When companies start thinking of employee publications, they often believe it should be an in-house product. It makes sense when you first think about it. Who knows your employees better than you do? However, there are huge benefits to letting a public relations / marketing firm write and manage your publication.

Mainly, a neutral / outside voice is important and key. When employees write their own publication, it is almost impossible to remove each person’s biases from their writing / coverage. For example, if the HR department runs the publication, it is easy for more HR articles to make it into the publication, which may upset the Accounting department or the Marketing team. It is human nature. You write what you know, so you write about your department.

An outside team of writers can help prevent bias claims because they have no bias. They can provide the third-party point of view to keep the writing neutral and keep everyone happy.

Also, when things are run in-house, it is common for them to be pushed aside and forgotten. Again, it is our nature — take care of your customers first, deal with your in-house stuff second. An outside agency can help keep the publication moving on schedule to ensure it hits mailboxes when it is supposed to.

Finally, when it comes to writing, let a professional do it. We know AP style and grammar. I’ve seen numerous engineers, doctors, lawyers, etc., try to write copy for various publications. It isn’t pretty. I guarantee you’ll be happier with your product if you let a team of professionals handle the writing. We don’t try open heart surgery. You don’t try writing a publication.


Many in-house publications are targeted at employees, which can serve a number of purposes.

1. Be a megaphone. An employee publication is an easy way to communicate a lot of company information on a widespread scale. If your company has a lot of news, this is one way to disperse it that you can ensure everyone will receive (as opposed to an intranet site that everyone might not log into).

2. Instill pride in your employees. An employee publication is a great way to show off the successes of your company and communicate them to your employees.  Show that your company is winning awards, receiving new contracts and recording high customer satisfaction. This will show your employees that the company is here to stay and has a bright future, which can lead to …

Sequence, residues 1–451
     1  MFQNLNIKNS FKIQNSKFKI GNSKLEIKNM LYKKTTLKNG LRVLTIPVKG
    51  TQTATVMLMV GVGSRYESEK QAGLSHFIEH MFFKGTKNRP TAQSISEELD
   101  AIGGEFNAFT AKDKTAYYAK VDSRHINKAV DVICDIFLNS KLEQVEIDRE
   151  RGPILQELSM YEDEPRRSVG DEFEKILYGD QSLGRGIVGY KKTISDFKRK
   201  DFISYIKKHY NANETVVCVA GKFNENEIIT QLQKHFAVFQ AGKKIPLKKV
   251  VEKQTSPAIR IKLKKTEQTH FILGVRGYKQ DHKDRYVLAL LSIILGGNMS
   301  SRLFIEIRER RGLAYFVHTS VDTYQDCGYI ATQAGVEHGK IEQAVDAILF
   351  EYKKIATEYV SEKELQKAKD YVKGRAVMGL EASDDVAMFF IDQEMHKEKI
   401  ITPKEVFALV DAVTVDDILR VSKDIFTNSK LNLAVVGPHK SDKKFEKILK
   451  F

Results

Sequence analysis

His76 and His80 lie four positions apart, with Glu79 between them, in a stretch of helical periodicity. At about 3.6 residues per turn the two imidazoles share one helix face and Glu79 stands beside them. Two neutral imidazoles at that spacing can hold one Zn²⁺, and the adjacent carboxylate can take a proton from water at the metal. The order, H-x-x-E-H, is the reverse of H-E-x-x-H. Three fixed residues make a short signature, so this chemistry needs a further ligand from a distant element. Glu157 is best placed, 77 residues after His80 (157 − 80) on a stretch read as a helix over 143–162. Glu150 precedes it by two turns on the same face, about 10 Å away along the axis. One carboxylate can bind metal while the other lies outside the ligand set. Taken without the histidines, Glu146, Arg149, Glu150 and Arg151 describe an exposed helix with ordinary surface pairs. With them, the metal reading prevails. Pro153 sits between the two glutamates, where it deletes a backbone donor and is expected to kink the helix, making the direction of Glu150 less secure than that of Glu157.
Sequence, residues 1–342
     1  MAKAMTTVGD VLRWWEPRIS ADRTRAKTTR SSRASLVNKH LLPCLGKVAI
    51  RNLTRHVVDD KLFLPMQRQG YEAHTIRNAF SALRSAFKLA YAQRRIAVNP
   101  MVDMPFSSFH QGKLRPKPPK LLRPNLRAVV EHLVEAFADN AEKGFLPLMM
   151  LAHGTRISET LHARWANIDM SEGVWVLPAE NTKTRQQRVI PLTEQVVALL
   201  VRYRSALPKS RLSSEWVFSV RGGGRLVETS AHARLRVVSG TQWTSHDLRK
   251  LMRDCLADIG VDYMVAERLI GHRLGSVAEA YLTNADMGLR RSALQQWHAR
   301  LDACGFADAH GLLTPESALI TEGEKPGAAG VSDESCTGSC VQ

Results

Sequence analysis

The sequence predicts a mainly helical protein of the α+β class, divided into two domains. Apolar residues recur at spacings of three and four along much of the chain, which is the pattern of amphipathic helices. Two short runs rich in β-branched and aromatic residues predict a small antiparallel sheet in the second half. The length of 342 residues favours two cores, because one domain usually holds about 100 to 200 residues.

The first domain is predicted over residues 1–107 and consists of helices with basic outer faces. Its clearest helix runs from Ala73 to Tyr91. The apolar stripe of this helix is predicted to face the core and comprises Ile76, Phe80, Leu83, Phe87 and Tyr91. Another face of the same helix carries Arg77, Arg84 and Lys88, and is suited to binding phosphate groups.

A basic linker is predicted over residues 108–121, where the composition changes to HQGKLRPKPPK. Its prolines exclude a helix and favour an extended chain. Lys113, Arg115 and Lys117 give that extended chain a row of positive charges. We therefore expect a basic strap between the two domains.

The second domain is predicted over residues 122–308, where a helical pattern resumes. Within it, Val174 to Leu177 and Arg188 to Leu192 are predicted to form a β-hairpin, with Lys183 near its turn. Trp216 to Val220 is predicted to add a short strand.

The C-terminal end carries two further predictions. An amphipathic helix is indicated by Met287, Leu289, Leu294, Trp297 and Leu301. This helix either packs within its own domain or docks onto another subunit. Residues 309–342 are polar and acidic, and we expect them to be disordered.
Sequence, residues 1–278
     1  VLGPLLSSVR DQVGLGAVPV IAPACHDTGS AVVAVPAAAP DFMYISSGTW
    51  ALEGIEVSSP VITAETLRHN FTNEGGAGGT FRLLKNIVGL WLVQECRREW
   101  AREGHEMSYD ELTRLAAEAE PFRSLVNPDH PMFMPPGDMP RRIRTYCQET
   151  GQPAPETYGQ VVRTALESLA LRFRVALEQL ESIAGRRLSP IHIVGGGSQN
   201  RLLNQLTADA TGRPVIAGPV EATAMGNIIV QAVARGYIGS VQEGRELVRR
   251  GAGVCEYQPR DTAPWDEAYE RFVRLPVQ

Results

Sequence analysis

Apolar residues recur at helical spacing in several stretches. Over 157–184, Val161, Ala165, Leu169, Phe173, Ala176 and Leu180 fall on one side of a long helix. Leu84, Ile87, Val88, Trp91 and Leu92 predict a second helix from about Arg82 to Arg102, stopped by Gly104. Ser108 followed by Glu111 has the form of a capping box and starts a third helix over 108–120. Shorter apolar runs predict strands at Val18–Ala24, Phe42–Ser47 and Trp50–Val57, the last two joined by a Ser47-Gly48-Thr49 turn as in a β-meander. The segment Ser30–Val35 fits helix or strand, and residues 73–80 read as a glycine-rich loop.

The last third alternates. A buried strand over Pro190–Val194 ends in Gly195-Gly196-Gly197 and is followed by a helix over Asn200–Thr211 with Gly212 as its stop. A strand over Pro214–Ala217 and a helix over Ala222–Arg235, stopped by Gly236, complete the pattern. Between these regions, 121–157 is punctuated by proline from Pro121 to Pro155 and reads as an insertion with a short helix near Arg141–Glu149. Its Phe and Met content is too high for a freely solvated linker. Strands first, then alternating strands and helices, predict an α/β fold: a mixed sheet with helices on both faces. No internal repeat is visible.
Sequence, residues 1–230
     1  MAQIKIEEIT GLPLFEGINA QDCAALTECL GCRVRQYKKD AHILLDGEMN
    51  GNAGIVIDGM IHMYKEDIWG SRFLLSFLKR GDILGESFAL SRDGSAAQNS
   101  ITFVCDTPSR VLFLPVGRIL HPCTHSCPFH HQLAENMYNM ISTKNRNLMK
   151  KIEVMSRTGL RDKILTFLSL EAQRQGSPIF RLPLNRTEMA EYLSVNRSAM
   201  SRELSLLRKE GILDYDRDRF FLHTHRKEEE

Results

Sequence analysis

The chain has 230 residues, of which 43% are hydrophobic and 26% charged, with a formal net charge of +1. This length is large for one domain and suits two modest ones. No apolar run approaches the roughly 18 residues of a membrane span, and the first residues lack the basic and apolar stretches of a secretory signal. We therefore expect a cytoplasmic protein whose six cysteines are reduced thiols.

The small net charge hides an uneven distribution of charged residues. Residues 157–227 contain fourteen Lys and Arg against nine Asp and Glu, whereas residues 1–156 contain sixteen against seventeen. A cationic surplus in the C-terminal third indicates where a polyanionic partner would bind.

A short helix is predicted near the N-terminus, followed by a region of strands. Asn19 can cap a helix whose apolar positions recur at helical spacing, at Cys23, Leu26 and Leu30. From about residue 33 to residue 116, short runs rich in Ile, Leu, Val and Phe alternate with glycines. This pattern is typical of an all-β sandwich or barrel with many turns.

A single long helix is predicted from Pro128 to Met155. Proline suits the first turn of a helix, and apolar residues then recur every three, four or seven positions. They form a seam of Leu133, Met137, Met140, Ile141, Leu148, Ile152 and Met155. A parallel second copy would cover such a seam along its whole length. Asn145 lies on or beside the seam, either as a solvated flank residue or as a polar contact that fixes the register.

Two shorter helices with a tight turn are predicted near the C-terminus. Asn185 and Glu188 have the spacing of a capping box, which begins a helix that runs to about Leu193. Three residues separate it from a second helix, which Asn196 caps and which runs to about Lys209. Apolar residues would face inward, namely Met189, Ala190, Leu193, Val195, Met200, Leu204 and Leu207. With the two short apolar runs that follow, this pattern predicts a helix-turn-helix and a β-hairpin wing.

3. Retention and recruiting. Many industries are known for high employee turnover. An employee publication is one way to constantly remind your employees about your organization.  For instance, if your main office is in New York but many employees work in California, it may be hard for those California workers to maintain a connection with the company. An employee publication would constantly remind them of the organization and help them stay committed to your mission and goals.

4. Document your company’s history. Hopefully your company is here to stay and will be around for the next 25, 50 or 100 years. An employee publication is one way to document your company’s history. You’ll be amazed 50 years from now when you look back at all the great things your company did in its first few years in business.

5. Recognize your employees. All companies look for some way to recognize their employees’ good work. Whether it is that front parking space, a raise, new office or an Employee of the Month plaque on the wall, employee recognition is an important part of maintaining a successful company that people want to work at. An employee publication can be a great way to recognize your employees and their hard work through employee spotlights and features.

So after a few months hiatus, I am back on the blog. Like so many clients do, I got really excited when I first began this blog. I posted almost daily. I monitored the stats. Over-analyed my posts. But then got discouraged that I didn’t really feel like I was making a difference. My posts seemed just like everyone else in the PR industry.

Now I’m armed and ready to make a difference.

I’ve re-introduced this blog once again — this time with a niche. Story Assignments focuses on publication management. I hope to teach lessons, offer opinions and encourage others to start or update their current company publication. This is a niche of public relations, but it is a strong one. From eight to 48 pages, I’ve seen the full gamut of what a publication can become.

Just because the newspaper industry is struggling and magazine subscriptions are dwindling, doesn’t mean publications are dead. Instead, now they may be more important than ever (more to come).